Many people approach picking their seats on an airplane with the belief that closer to the front is better. There is something psychologically satisfying about being in front of others. Others have the attitude that all passengers are equal sardines in a can … albeit one that happens to be traveling at near the speed of sound. However, I have a few tips that you may want to think about before you book your next trip.
1. Book as soon as possible.
The sooner you book, the more likely you are to get the seats that you want. This is even true for airlines like Southwest that don’t have assigned seats. You may not get to pick your seats when you book, but the sooner you book, the further up the line you move when it comes time to board.
Let’s say you have your pick of seats. What do you choose? Find out on the next page.
2. Different parts of the plane experience turbulence differently.
When you are 30,000 feet in the air traveling at just shy of mach one, airplanes are actually surprisingly stable. However, just like a boat being tossed by rough water, airplanes experience turbulence from “rough” air. The whole plane does not experience turbulence the same. Sitting in front of the wing will give you the most stability. The further behind the wing you are, the more sway you can experience.
The magnitude of turbulence behind the wing will vary depending on the aircraft type. The larger the plane, the more stable it will be. The more modern the aircraft is, the less likely you are to feel the difference. In fact, if you are flying on a Boeing 787 you can pretty much disregard this recommendation.
There is also one extra benefit to sitting in front of the wing: you get the best view.
Up next, the window seat versus the aisle seat dilemma.
3. There are trade-offs between aisle and window.
Which is better, aisle seat or window? The answer is, it depends. Of course, if you like looking out the window, the window seat is the best. But the bigger question is, do you plan on sleeping?
If you are in a window seat, sleeping is much easier. You have a “wall” to rest your head on and you get to control the window shade (i.e. you can keep it shut and no one can do anything about it). You also have the benefit of not having anyone who will ask you to stand up so they can use the restroom.
The opposite is true for the aisle seat. You can get up whenever you want without having to ask anyone. If you plan on being active (some people like to get up and stretch their legs during the flight), this is a great option for you.
Personally, I think the best place is an aisle seat in the middle of a widebody aircraft. Widebodies have two aisles making them “wide.” They are typically reserved for long flights (5 hours+). I like this seat because 1) you can get out whenever you want, and 2) if someone on the inside seat wants to get up, they can use the other aisle.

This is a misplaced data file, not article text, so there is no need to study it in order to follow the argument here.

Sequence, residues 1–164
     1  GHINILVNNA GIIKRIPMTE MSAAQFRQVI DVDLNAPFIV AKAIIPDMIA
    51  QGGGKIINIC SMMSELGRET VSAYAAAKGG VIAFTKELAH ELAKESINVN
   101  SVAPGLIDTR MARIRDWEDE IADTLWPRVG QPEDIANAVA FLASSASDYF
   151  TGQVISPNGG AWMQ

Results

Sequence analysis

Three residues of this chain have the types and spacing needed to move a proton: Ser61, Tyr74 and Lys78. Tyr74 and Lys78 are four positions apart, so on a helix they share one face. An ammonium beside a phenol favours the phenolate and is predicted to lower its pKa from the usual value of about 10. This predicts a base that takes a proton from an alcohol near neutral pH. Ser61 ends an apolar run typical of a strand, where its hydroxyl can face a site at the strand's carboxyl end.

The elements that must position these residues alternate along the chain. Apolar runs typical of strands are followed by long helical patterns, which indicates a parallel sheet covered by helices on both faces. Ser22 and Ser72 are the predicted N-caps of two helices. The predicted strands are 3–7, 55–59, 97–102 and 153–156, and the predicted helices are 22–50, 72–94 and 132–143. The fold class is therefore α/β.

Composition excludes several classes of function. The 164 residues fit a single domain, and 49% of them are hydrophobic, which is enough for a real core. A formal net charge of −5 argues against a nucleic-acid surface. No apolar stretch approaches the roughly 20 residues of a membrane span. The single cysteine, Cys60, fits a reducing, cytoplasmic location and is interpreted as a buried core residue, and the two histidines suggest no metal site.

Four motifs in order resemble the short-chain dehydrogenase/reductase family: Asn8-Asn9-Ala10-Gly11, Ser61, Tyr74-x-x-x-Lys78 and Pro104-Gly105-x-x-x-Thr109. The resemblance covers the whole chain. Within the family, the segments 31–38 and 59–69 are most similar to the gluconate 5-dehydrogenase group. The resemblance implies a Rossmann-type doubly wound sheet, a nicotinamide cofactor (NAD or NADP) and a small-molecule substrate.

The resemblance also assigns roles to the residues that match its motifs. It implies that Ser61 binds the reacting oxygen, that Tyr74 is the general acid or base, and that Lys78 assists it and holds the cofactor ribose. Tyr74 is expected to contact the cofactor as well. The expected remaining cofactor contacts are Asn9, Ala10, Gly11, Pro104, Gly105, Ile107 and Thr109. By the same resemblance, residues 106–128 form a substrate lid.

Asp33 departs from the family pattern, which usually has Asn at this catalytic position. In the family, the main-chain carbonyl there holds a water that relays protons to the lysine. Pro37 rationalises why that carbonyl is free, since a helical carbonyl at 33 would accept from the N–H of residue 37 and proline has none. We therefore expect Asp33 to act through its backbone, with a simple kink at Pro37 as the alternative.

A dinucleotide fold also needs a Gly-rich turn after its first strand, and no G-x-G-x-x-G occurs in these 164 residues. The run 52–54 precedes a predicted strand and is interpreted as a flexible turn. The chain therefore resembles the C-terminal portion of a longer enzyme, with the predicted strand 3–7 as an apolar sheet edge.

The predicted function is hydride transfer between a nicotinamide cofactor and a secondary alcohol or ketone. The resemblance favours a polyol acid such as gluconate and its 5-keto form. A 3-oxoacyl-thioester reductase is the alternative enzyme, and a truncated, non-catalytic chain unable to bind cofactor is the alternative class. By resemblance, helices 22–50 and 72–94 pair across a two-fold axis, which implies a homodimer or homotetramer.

The absolute worst is the middle seat because you will have people on both sides of you.
The exit row is the best place for extra room, right?
4. Extra room may not be where you think it is.
The exit row may surprise you. While you will have a inch or two of additional leg room, many exit row seats do not recline. There is no way of knowing if they will or won’t when you book. There are some people who do feel safer sitting in or near an exit row, but fortunately, it is very rarely needed.
Another location on the plane that often doesn’t recline is the last row. Depending on how the seats are configured, you may find the back of your seat up against a bulkhead.
Speaking of bulkheads, having one in front of you can cause issues as well. While it is nice not having anyone in front of you, and often this row has a little extra room, you will be sacrificing space to store your “personal item.” You will have to put this in the overhead compartment, which can be very annoying to access in flight.
Where is the plane the noisiest? That depends…click to the next page to find out.
5. How to avoid the noise.
In general, forward of the wing will be the quietest. This phenomenon is exacerbated with certain aircraft that have rear mounted engines. Many regional jets are configured in this way.
You also many want to avoid sitting near the galleys, which can be in multiple places on the aircraft. You will hear the noise of the crew working or conversing with each other. This is an especially bad spot if you are sleeping, as the lights from the galley will probably be on during most of the flight.
Is there any benefit to sitting in the back of the plane? Yes!
6. The back of the plan is so underrated.
The back of the plane actually may give you the thing you want most in a flight: extra room. First of all, the overhead compartments in the back of the plane are the least likely to be jam-packed. This will give you some extra space for your bag (especially if your carry-on is bigger than the official carry-on size).
The back of the plane is also the most likely spot for empty seats. An empty adjacent seat is probably the biggest prize any passenger could wish for. This is especially true on Southwest, where there are no assigned seats and they are filled on a first come, first served basis. On our last Southwest flight, my wife and I got three seats to ourselves. She was actually able to sleep and I was able to get work done on my laptop.
I hope some of these ideas help you to pick decent seats on your next flight. What are some of your seat-picking strategies?